New Yankee jewel in the Exmoor crown!

It is 82 years since the Lynton & Barnstaple Railway closed, and 38 years since a revivalist association was formed. One of its core mission statements was to restore the legendary line exactly as it was – and thanks to the culmination of a £650,000 new build locomotive project, now has a complete ‘original’ train. Mission accomplished, writes Robin Jones, with pictures by Tony Nicholson.

The wreath of bronze chrysanthemums on the front of Lyn commemorates the wreath of bronze chrysanthemums famously sent to the railway on the day after it closed by Captain Thomas Woolf of Woody Bay, a “frequent user and admirer”, with a card bearing the immortal words “Perchance it is not dead but sleepeth”. At the end of the gala, the wreath was taken to Captain Woolf’s grave in nearby Martinhoe churchyard. Unlike the prescient captain, the L&B sleepeth no more.

At its opening in May 1898, the 2ft gauge Lynton & Barnstaple Railway had a fleet of three distinctive Manning Wardle 2-6-2Ts, but was still one locomotive short.

However, the new line could not find a British supplier to build one there and then. Between July 1897 and January 1898, many workers at UK engineering companies were striking in order to achieve an eight-hour working day, and locomotive buildings were left with a hefty backlog of unfulfilled orders.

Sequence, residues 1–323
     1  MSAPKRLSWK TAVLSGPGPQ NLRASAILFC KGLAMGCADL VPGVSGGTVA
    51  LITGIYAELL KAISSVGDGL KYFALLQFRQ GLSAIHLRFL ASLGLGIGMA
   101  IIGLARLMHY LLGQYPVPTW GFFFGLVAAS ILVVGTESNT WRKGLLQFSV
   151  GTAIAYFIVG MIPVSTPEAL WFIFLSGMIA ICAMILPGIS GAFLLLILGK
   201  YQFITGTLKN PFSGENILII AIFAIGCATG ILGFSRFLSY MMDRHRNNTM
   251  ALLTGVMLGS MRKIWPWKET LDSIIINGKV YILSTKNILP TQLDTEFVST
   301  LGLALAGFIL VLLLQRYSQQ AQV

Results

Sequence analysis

There was a solution at hand – look across the Atlantic! The L&B directors ordered a 2-4-2T from Baldwin of Philadelphia, which drew up a unique but decidedly American outline locomotive.

Sir William McAlpine officially naming the new Lyn at Woody Bay on Friday, September 29, the 82nd anniversary of the closure of the Lynton & Barnstaple Railway in 1935 three months before Sir William was born, while L&B general manager Martyn Budd pulls back the curtain.

Fairly soon, it was shipped as a kit of parts to Barnstaple, and was assembled at the L&B’s Pilton Works and steamed for the first time on July 23, 1898.

The locomotive, often referred to as “the Yankee” by L&B staff, was, in accordance with the line’s policy, named Lyn after a local river with a three-letter name.

Five years after the Grouping of 1923, when the L&B became part of the Southern Railway, Lyn was taken to Eastleigh Works for a major overhaul, and came back in Southern green livery and carrying the number E762 on the side tanks, as well as the original nameplates on the cabsides.

Read more in Issue 234 of HR – on sale now!

Right: Lyn hauls its train back to Woody Bay on September 29 while the sheep munch on, oblivious to local transport history being made. Who said steam trains would disturb the livestock? An extended and very much eco-friendly railway would give visitors the chance to experience the Exmoor landscape without footfall or taking the car down narrow lanes.

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